SCRUTINY | Toronto Mendelssohn Singers Offer Intriguing, Emotional Version Of Schubert’s Winterreise

Toronto Mendelssohn Singers Offer Intriguing, Emotional Version Of Schubert’s Winterreise

Ludwig Van
Paula Citron
March 19, 2024

Toronto Mendelssohn Singers/Winterreise by Franz Schubert, conducted by Jean-Sébastien Vallée, featuring baritone Brett Polegato, pianist Philip Chiu, and the Toronto Mendelssohn Singers, Jean Lamon Hall, Trinity-St. Paul’s Centre, Mar. 16.

Since becoming artistic director of the Toronto Mendelssohn Choir in 2021, Jean-Sébastien Vallée has certainly introduced more adventurous programming for the Toronto Mendelssohn Singers, the 24-member professional arm of the venerable organization.

For example, last year, the TMSingers performed a program called In Time — At the Intersection of Music and Dance. Their latest concert featured Schubert’s song cycle Winterreise in a new choral adaptation by German choral conductor and arranger Gregor Meyer that premiered in 2017.

Now purists may howl that this beloved work has been tampered with, (the two people in front of me left at intermission), but research reveals that there have been quite a few new approaches to Winterreise over the years. For instance, Meyer did a second adaptation featuring baritone, chorus and two accordions, while fellow German composer Thomas Hanelt crafted a version for choir and piano that eliminates the solo singer. The work has also been set to a klezmer-Roma score, a wind quintet, and, would you believe, it has even been arranged for a rock band.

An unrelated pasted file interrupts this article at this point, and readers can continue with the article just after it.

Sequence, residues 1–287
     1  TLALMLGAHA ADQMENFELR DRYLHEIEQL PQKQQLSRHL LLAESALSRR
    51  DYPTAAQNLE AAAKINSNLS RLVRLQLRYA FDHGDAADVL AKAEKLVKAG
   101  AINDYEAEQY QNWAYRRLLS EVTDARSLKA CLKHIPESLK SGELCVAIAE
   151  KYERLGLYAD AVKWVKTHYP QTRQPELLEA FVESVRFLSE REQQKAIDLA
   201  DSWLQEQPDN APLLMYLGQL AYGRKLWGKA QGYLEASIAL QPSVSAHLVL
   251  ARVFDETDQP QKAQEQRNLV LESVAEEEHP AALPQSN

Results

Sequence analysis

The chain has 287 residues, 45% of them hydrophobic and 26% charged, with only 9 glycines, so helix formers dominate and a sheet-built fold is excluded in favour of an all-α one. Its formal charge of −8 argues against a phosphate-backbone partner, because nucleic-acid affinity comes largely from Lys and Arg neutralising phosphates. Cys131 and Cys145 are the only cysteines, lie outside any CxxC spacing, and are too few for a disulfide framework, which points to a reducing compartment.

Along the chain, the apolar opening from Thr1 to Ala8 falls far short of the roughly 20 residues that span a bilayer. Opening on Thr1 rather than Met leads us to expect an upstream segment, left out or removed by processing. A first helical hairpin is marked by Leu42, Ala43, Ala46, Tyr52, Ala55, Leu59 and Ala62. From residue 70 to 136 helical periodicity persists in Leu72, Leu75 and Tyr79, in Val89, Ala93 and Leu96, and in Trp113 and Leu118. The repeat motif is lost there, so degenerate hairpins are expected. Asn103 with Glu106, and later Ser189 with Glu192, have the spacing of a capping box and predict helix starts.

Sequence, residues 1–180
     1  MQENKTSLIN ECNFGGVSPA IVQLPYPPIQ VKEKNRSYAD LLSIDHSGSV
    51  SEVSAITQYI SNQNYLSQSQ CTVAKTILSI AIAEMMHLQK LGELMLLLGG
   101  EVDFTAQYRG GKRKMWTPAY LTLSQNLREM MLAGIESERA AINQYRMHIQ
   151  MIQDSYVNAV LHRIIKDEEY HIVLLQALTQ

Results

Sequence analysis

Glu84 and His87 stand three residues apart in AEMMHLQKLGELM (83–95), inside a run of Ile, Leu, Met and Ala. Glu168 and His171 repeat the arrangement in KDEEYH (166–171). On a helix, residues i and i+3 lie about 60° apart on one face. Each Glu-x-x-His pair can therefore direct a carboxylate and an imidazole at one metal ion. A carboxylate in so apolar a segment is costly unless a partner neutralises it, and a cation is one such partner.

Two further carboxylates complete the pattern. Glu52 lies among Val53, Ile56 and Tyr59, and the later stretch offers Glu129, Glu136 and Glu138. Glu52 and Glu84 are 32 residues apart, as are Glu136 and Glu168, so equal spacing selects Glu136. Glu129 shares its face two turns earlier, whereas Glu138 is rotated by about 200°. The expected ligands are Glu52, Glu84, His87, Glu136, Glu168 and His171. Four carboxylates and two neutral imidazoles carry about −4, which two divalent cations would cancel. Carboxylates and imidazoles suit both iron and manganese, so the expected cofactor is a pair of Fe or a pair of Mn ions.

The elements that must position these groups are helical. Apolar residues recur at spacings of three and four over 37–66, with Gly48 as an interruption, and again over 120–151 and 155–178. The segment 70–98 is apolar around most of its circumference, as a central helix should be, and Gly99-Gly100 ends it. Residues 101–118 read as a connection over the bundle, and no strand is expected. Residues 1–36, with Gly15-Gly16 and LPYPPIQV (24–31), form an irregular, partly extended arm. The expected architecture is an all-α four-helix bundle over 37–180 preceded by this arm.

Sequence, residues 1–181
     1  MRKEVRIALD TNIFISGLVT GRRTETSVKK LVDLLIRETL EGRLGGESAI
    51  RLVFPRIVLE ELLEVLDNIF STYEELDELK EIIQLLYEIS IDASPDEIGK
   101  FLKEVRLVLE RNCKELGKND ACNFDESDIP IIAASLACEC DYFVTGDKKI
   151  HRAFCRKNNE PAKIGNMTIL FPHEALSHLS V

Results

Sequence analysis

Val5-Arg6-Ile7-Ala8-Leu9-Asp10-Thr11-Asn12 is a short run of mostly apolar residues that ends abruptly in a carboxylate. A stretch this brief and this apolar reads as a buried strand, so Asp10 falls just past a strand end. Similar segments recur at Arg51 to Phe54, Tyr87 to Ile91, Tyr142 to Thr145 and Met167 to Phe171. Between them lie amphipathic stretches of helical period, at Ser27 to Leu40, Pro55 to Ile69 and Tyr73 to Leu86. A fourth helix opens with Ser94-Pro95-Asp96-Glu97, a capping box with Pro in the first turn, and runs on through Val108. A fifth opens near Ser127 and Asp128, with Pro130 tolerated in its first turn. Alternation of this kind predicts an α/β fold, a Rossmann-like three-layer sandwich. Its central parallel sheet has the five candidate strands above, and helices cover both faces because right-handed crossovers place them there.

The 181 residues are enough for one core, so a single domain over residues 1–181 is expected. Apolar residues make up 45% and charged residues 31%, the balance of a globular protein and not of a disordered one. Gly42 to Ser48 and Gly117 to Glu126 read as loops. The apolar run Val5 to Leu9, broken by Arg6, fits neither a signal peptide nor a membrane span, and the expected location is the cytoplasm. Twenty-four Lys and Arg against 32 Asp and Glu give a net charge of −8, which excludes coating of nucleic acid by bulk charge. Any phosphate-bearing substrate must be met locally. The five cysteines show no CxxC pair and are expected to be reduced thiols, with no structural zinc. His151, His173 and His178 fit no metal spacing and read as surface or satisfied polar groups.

Schubert composed Winterreise for male voice and piano in 1828 when he was dying of syphilis at the tragically young age of 31. The music is set to 24 poems by Wilhelm Müller, who was also the source for Schubert’s other great song cycle, Die schöne Müllerin (1823). Both are dramatic monologues featuring young men who are wrapped in sadness because of unrequited love. While Die schöne Müllerin begins with some degree of lightness and then journeys to apparent suicide, it can’t compare to the utter bleakness of Winterreise (Winter Journey).

The solitary, tormented Wanderer in Winterreise begins with the sorrows of lost love, but moves on to more psychological despair. He is haunted by traumatic visions. He becomes fixated on death and even renounces his faith, until finally he is filled with a resignation of emptiness. Images of winter and a frozen landscape infuse the poems which are reflected in Schubert’s music. The cold, the darkness, and the desolation embedded in the songs are almost palpable.

So how does the introduction of a choir affect Winterreise? Well frankly, it takes some getting used to. The addition of many voices, however, does make the work seem somehow more emotional, while opening up the music to a richer expression. Perhaps, the greatest impact is to heighten the solitary nature of the soloist. Here he is, surrounded by voices, but still utterly alone. The choir functions like the Greek chorus in classical tragedies. They are spectators who comment on the emotional psyche of the protagonist, even becoming his inner monologue, but still remaining resolutely apart.

In Meyer’s adaptation, the choir does not appear until the second verse of the first song, Gute Nacht (Good Night), and then it is with an almost eerie vocalise, almost one of menace. They do, however, get to perform one song on their own, Der stürmische Morgen (Stormy Morning). The text reflects the Wanderer’s joy in the savage storm, and because the singer is silent, the choir is a reflection of his inner demons. On the other hand, Meyer cleverly leaves Einsamkeit (Loneliness) without choral accompaniment.